Photograph, 80 years later

Photography takes an instant out of time,
altering life by holding it still. – Dorothea Lange

Three children, hands in laps,
pose on a log cabin porch
behind their young father
cradling a newborn babe
while reclining in rocking chair
in weed-filled lawn:
taste of rural life
sliced from the past,
pickled onto paper,
reduced to zeros and ones,
reconstructed for those who come after
into happy, loving family
with well-behaved children.

A photograph is a secret about a secret.
The more it tells you the less you know. – Diane Arbus

What mysteries lurk
in the shadows
of this pastoral tableau
where ancestors converge
in mannequin moment
that masks reality,
obscures passions
of life dreamt,
now completed?

Quaint family’s first child
nowhere to be found.
She lived her short fate,
only a month in ‘28.
Second is doing fine:
oldest boy born in ‘29.
A teacher he would become.
Another boy born in ‘31
would be a firefighter
until in ‘93 he was done.
Fourth, like his big sister absentee,
lived only a day in ’33.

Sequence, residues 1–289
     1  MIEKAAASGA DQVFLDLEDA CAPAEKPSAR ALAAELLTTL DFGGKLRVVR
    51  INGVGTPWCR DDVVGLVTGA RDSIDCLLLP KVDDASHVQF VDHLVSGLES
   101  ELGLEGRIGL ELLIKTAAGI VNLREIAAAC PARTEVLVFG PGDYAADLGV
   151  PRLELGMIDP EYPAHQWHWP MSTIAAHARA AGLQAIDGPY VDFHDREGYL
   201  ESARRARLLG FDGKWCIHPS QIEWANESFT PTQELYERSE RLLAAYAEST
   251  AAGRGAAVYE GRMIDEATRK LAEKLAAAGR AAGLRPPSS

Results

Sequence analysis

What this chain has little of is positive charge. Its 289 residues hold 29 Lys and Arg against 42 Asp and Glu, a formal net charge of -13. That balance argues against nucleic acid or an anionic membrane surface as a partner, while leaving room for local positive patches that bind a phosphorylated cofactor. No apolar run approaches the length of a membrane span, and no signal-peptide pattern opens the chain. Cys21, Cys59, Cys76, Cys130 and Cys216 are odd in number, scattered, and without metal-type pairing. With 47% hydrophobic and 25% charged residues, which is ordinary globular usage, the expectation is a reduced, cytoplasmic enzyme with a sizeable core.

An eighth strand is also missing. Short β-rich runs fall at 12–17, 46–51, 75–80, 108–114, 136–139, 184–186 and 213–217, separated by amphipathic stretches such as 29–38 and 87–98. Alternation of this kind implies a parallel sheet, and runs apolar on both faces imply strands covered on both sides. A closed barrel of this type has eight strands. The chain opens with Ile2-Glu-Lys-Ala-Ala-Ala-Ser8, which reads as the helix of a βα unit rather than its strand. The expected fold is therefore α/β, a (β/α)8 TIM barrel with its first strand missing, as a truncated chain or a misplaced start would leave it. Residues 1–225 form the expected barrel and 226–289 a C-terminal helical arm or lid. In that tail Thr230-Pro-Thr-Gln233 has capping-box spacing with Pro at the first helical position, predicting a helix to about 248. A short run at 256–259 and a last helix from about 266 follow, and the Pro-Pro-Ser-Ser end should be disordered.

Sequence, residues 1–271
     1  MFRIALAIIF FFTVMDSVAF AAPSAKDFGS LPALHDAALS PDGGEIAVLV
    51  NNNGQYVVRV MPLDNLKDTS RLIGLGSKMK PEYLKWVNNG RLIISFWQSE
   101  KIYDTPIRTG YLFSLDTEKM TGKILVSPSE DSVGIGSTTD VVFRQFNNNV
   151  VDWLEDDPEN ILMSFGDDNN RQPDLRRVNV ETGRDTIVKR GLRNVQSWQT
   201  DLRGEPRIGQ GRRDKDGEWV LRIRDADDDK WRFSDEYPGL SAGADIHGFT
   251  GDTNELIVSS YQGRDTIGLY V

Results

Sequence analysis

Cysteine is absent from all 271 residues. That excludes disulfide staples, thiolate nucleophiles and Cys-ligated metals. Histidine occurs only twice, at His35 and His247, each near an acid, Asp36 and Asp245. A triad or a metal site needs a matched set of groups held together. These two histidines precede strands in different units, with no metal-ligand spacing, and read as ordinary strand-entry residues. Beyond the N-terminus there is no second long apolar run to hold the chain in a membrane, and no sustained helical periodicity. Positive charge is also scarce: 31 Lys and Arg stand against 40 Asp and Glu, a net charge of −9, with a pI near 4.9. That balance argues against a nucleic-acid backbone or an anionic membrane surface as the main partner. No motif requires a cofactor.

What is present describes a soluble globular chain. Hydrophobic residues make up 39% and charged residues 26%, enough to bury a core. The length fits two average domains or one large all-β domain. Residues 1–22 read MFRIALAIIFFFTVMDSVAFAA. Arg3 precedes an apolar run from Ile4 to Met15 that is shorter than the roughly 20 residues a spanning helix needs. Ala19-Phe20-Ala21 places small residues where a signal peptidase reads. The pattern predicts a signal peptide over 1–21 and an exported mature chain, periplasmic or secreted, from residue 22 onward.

Fifth, known evermore
as eldest girl, born in ’34.
What did she do for a living?
Another born in ’36,
too quickly for a name
ferried across river Styx.
Babe in father’s arms came next,
another girl, born in ’37,
seventh of eventual eleven.

Four children in a photo
animated by unknown joys,
weighted with forgotten worries,
today with children, families,
secrets of their own.
Do any remember
living in a log cabin,
their thoughts, their dreams?
Would they have rather been playing?
Were there chores waiting?
Did they get along or fight, like siblings do?

Three ghosts unseen.
Did father feel their presence
as he rocked the newborn?
Did he sense a family not yet whole?
Where was mother?
Perhaps she captured this moment
for future musings of what was,
what could never be,
or maybe she’s the almost human
smudge in the window,
watching over her family
from within.

The whole point of taking pictures
is so that you don’t have to explain things with words. – Elliott Erwitt

No words, then no Elizabeth, no Jack,
no anonymous baby girl.
Who will tell our story?
They ask from their graves.
Will you remember us?
Will you dream our dreams for us?
If photographs don’t require words
why are there so many questions?

©2018 Kenneth W. Arthur